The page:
Unlike Skyrim, which opens with you as a prisoner about to be executed, and leaves you to figure out who you are and why you’re there, Starfield forces you into a life as a space-miner who is so crucial to the plot that there are moments where it supersedes any decisions you make in the otherwise cool character creation system. (Which allows you to pick traits that alter the game in small, funny ways, like making it so your parents are alive, and they love you—but you have to send them some of your money every once in a while—or let you join a cult that gives you an addiction to hyperspace travel).
Backstory choices you make for your character will impact certain dialogue options, but there will also be times when they don’t feel like they matter as much as they should: You show up at the planet where your character was born, you’ll tell someone “hey, I was born here” and they’ll still say “yeah well it’s changed a lot since then,” just so the game can give some exposition about what that planet’s whole deal is for players who didn’t decide they were born there. The issue with that has more to do with expectations than anything—because you wouldn’t necessarily go into any other game and demand that it completely shift its narrative to suit the expectations that you went in with—but it still grates a little when you perceive your character one way, and the game insists on gently nudging you another way.
But a funny thing happens as you get acclimated to the universe of Starfield, as your colleagues at the Constellation explorer’s club get more and more hands-off with their newest recruit, as missions start paying you in the thousands rather than in the hundreds, and you can suddenly start to afford to go out into the universe and really make it your own: It all starts to feel … awe-inspiring. It’s hard not to buy into the hype when you redesign your spaceship the way you want, when you fill its cargo hold with all of the little plushies you’ve collected on your travels, and when you pick a point on the intergalactic horizon and just go there to see what there is to see.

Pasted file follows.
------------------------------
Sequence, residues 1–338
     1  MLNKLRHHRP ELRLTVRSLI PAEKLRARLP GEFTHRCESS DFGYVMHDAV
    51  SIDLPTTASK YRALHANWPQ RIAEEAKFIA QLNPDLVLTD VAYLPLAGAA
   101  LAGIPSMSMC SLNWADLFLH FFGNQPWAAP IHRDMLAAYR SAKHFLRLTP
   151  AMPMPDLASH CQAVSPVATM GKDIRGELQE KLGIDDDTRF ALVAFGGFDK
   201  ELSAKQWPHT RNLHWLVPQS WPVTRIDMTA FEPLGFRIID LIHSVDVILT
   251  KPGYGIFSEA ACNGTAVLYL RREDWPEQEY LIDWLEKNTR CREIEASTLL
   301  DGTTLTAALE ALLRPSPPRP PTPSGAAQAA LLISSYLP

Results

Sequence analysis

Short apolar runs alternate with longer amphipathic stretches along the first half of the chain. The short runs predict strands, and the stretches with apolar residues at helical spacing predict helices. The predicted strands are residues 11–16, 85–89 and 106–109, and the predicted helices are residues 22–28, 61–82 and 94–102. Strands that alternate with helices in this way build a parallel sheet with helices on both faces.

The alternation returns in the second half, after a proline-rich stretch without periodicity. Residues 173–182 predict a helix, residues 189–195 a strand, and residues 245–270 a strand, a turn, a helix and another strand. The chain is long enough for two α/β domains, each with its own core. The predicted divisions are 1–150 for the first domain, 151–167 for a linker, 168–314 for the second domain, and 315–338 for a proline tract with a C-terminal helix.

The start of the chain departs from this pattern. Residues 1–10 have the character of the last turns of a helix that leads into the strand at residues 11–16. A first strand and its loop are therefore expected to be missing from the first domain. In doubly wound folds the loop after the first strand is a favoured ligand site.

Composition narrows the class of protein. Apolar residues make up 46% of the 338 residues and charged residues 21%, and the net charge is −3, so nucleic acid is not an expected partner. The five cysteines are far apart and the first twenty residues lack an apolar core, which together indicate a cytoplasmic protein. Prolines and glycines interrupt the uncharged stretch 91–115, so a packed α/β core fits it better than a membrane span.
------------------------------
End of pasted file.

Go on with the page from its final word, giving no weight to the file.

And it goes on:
That’s when the idea of this being “Skyrim in space” starts to feel less reductive, and more transcendent. That game sold how many millions of copies? And how many people actually finished the story? Maybe five or six? Why expect something different here? It takes some work to get to this point, but—at the risk of being repetitive—Starfield eventually offers the same feeling of freedom, the same intrinsic rewards for simply seeing or experiencing something cool, an improved social system where you can talk your way out of a lot of encounters that otherwise would’ve led to bloodshed, a relatively stunning lack of the bugs and glitches that Bethesda games are historically known for, and you have a goddamn spaceship.
Skyrim was basically a once-in-a-lifetime video game—a zeitgeist-capturing single-player RPG that eventually made its way to multiple game systems across multiple generations. It seems unfair to the breadth of this video game to determine (even after more than two dozen hours of play) if Starfield will live up to that. But it’s impossible to deny that there’s something special here. Maybe something that speaks to humanity’s fascination with space travel? Or maybe not. Starfield may or may not be the most important video game ever made, but it is Skyrim in space, and that’s awesome.